One of the few beneficial exotic species introduced to our country must be the honey bee, Apis mellifera. Our environment and economy would certainly be a lot poorer without it.

The future of this bee is now uncertain in most parts of the world, thanks to natural and man-made enemies.

Here in New Zealand, we are managing to keep the species reasonably safe by careful control of our borders to ensure the pests and diseases are kept out. A high degree of care and control by amateur and professional beekeepers, all operating to a high code of discipline and ethics, is also required to ensure the bees' survival.

We are now facing what we believe is a major threat to beekeeping - our own government wants to import foreign honey to satisfy a "free trade agreement".


The New Zealand Beekeepers' Association (NZBA) is desperately trying to stop the Ministry for Primary Industries from importing honey. We have spent more than $1 million dollars in lawyers' fees, fighting MPI in court, but they are determined to bring in Australian honey (Australia imports honey from all over the world).

Australian honey could contain many organisms that we don't have in New Zealand and once admitted would almost certainly find its way into our bees and honey.

Just one of these organisms that New Zealand beekeepers have staunchly kept out is anti-biotic, which is used overseas to treat bees for American Foul Brood (AFB).

We have AFB here; it is a dreaded bacterial disease that haunts every beekeeper. We agree as a body to kill the bees and burn all infected hives and parts rather than treat it with antibiotic as they do in other countries. Our NZBA spend millions of dollars trying to eradicate the disease from our shores.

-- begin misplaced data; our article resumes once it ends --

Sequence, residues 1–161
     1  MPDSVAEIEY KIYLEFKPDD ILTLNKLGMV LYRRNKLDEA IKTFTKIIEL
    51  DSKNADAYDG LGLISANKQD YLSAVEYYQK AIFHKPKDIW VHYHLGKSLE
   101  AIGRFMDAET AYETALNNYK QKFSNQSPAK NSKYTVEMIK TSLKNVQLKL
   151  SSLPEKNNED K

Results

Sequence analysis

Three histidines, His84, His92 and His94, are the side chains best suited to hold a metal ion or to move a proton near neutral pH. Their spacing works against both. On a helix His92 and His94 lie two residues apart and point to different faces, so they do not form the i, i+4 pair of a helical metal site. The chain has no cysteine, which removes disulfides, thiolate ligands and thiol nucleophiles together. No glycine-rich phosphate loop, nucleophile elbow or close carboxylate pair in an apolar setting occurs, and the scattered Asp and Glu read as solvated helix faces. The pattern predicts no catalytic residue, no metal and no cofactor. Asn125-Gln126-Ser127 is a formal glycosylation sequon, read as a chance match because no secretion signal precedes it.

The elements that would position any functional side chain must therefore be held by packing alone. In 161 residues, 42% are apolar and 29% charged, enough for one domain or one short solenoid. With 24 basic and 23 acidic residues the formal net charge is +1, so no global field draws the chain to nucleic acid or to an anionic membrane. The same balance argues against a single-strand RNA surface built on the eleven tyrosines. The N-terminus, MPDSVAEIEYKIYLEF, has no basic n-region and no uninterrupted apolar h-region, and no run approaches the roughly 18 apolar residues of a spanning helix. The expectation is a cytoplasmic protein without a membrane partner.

Another serious disease that could be introduced by foreign honey is European Foul brood (EFB) which is also treated with antibiotics overseas.

Varroa mite is a serious bee predator that slipped past our border security a few years ago and has made bee-keeping so time consuming and expensive. It has seriously weakened the honey bee's chances of survival. This mite not only feeds on the bees and larvae but also carries bacteria that start diseases in the colony.

We use pesticides to fight it, but this causes problems in the hives. I find queen bees deteriorate and have to be replaced each year instead of lasting three or more years.

Despite all these problems, New Zealand is better off than many places, in America and Europe; bees have been wiped out in some states.


Our New Zealand bees and bee products are now internationally recognised and give us a competitive edge. We are selling bees and products all over the world (without help from any "free trade" agreement).

In many cases, international markets use standards developed here for measuring the quality of bee products. These advantages would disappear overnight if Australian honey is brought in here.

Rob Butcher is a conservationist, retired engineer and beekeeper